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ON FAITH & MEDIA View Comments

The Hobbit: An Unexpected Journey

By
John Mulderig
Source: Catholic News Service


Martin Freeman stars in a scene from the movie "The Hobbit: An Unexpected Journey."
First published in 1937, Catholic author J.R.R. Tolkien's children's novel "The Hobbit, or There and Back Again" has proved so popular in the decades since that it has never gone out of print.

With "The Hobbit: An Unexpected Journey" (Warner Bros.), director Peter Jackson provides movie audiences with an epic 3-D screen version of the opening part of Tolkien's widely beloved work.

Not for the easily frightened nor—at well over two-and-a-half hours—for those with short attention spans, his sweeping journey across Tolkien's imaginary world of Middle-earth is nonetheless an upbeat outing suitable for all others.

In this first installment of a trio of prequels to Jackson's "The Lord of the Rings" trilogy (2001-03)—also, of course, based on Tolkien's fiction—homebody hobbit Bilbo Baggins (Martin Freeman) finds his contented existence within the safe confines of Middle-earth's Shire region disturbed by the arrival on his doorstep of magisterial wizard Gandalf (Ian McKellen).

Gandalf has seemingly unlikely plans for timid Bilbo: He wants him to accompany and aid a group of dwarves on a dangerous quest. Led by their sturdy chieftain Thorin Oakenshield (Richard Armitage), the dwarves -- a crude but spirited lot who descend on Bilbo's house at Gandalf's invitation -- are out to recapture their ancient stronghold, Erebor. Once a storehouse for the dwarves' fabulous wealth, Erebor was long ago conquered by Smaug, a rampaging dragon who coveted its vast horde of gold.

Though Bilbo initially wants nothing to do with the dwarves' perilous mission, in the face of Gandalf's insistence, and perhaps sensing his own destiny, he eventually relents.

The heroism of ordinary people and the potential for everyday goodness to subdue evil are the primary themes of the long, combat-heavy adventure that follows. Tolkien's tale can be viewed as a sort of prophecy, foretelling the down-to-earth courage with which his British compatriots would soon confront the onslaught of the Nazi war machine.

As Bilbo proves his mettle, the corrupting effects of power are also showcased through his encounter with Gollum (Andy Serkis), a cave dweller obsessed with—and spiritually enslaved by—a magical ring.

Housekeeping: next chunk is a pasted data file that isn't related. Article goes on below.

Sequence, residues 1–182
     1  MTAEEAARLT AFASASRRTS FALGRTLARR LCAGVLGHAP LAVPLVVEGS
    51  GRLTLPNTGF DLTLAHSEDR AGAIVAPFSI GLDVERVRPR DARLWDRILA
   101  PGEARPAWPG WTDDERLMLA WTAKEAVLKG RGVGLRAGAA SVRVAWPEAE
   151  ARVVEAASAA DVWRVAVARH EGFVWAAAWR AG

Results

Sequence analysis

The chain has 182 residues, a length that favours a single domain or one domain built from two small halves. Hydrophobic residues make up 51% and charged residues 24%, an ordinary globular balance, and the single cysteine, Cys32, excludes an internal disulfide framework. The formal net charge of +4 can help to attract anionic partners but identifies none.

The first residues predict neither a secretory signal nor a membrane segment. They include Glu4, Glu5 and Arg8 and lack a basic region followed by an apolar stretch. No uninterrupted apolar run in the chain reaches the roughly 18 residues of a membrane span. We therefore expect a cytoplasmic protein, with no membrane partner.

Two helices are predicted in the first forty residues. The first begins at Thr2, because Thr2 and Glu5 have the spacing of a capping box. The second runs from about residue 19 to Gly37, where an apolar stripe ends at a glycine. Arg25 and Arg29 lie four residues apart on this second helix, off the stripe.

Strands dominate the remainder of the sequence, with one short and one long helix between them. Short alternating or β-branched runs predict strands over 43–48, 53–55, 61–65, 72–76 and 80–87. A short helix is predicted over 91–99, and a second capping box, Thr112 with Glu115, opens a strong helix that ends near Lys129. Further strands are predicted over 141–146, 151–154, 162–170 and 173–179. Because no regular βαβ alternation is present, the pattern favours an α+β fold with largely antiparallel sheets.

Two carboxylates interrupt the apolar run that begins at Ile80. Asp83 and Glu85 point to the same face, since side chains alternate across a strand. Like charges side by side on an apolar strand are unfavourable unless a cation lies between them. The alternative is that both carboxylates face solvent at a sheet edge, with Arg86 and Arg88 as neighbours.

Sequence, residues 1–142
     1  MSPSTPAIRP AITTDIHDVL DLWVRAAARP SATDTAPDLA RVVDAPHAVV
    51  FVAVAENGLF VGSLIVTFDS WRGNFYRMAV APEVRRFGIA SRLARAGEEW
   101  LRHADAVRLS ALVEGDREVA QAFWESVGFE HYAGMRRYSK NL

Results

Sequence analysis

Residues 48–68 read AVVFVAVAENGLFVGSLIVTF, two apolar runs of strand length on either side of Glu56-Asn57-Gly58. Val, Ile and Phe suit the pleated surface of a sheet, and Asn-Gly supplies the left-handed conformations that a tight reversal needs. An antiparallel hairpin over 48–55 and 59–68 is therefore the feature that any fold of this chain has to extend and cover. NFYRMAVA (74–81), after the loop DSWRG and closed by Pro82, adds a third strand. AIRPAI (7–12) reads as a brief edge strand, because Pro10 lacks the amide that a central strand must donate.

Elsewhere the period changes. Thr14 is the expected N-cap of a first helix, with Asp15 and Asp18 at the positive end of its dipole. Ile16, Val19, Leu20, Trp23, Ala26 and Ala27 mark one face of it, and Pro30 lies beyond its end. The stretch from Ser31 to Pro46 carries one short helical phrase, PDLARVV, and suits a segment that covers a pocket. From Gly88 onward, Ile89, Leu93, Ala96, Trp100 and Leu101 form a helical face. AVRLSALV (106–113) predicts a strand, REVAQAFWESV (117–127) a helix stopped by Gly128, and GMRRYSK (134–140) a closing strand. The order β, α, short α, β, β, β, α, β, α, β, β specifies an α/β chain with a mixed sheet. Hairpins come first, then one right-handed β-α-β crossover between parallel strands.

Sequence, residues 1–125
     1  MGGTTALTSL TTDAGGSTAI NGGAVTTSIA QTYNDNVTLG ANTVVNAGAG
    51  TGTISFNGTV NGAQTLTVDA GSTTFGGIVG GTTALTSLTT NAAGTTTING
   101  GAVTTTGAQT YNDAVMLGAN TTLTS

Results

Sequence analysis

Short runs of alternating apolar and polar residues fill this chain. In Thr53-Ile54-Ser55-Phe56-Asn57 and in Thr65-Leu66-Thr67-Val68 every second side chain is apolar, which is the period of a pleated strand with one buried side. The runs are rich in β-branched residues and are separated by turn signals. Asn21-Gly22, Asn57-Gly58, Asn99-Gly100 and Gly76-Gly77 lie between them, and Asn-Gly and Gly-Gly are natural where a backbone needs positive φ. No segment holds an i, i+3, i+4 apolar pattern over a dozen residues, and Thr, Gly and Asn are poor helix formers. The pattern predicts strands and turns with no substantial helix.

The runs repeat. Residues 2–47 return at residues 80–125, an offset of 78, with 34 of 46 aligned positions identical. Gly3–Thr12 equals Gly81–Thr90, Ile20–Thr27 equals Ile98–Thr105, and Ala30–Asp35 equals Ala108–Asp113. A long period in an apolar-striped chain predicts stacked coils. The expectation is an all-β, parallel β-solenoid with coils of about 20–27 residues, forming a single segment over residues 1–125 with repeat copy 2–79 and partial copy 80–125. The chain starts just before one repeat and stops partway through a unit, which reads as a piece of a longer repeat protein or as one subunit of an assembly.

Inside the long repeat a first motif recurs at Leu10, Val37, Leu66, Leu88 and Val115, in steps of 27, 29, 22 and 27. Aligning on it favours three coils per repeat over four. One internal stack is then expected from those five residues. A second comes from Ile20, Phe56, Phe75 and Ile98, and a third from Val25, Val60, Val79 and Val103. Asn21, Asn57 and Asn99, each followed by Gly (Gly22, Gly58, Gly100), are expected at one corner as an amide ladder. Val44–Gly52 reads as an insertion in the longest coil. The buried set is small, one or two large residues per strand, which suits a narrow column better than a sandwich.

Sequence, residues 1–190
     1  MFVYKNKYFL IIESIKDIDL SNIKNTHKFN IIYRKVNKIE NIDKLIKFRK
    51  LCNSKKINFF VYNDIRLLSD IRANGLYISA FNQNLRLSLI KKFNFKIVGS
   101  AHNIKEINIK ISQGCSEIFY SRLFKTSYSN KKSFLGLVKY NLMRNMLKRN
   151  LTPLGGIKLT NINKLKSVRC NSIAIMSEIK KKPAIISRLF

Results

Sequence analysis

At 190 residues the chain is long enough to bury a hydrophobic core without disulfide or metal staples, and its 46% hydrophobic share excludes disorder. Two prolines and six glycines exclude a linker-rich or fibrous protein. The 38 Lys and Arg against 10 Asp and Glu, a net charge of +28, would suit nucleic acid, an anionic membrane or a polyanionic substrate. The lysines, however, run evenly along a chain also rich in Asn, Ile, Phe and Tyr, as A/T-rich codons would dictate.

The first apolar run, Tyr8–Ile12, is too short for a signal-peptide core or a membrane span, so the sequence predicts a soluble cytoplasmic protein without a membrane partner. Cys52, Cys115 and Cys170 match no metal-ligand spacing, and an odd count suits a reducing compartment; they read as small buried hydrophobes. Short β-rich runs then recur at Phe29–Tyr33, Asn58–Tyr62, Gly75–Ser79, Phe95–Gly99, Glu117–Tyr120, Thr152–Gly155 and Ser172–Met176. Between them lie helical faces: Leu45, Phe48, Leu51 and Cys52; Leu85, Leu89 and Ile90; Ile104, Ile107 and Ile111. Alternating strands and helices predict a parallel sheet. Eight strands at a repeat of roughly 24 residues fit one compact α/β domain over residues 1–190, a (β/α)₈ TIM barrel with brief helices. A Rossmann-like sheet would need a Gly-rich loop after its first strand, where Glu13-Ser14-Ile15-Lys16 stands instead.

Gollum's grasping character also may relate to the current events of the 1930s, given that the period between the world wars saw the rise of numerous dictators bent on aggression and acquisition. But the endurance of the story in which he appears suggests that his traits may have a broader moral application as well.

The film contains much bloodless action violence and some mild gross-out humor. The Catholic News Service classification is A-II—adults and adolescents. The Motion Picture Association of America rating is PG-13—parents strongly cautioned. Some material may be inappropriate for children under 13.

*****
John Mulderig is on the staff of Catholic News Service.



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Mary Angela Truszkowska: Today we honor a woman who submitted to God's will throughout her life—a life filled with pain and suffering. 
<p>Born in 1825 in central Poland and baptized Sophia, she contracted tuberculosis as a young girl. The forced period of convalescence gave her ample time for reflection. Sophia felt called to serve God by working with the poor, including street children and the elderly homeless in Warsaw's slums. In time, her cousin joined her in the work. </p><p>In 1855, the two women made private vows and consecrated themselves to the Blessed Mother. New followers joined them. Within two years they formed a new congregation, which came to be known as the Felician Sisters. As their numbers grew, so did their work, and so did the pressures on Mother Angela (the new name Sophia took in religious life). </p><p>Mother Angela served as superior for many years until ill health forced her to resign at the age of 44. She watched the order grow and expand, including missions to the United States among the sons and daughters of Polish immigrants. </p><p>Pope John Paul II beatified her in 1993.</p> American Catholic Blog I truly seek a very solitary, simple and primitive life with no labels attached. However, there must be love in it, and not an abstract love but a real love for real people.

 
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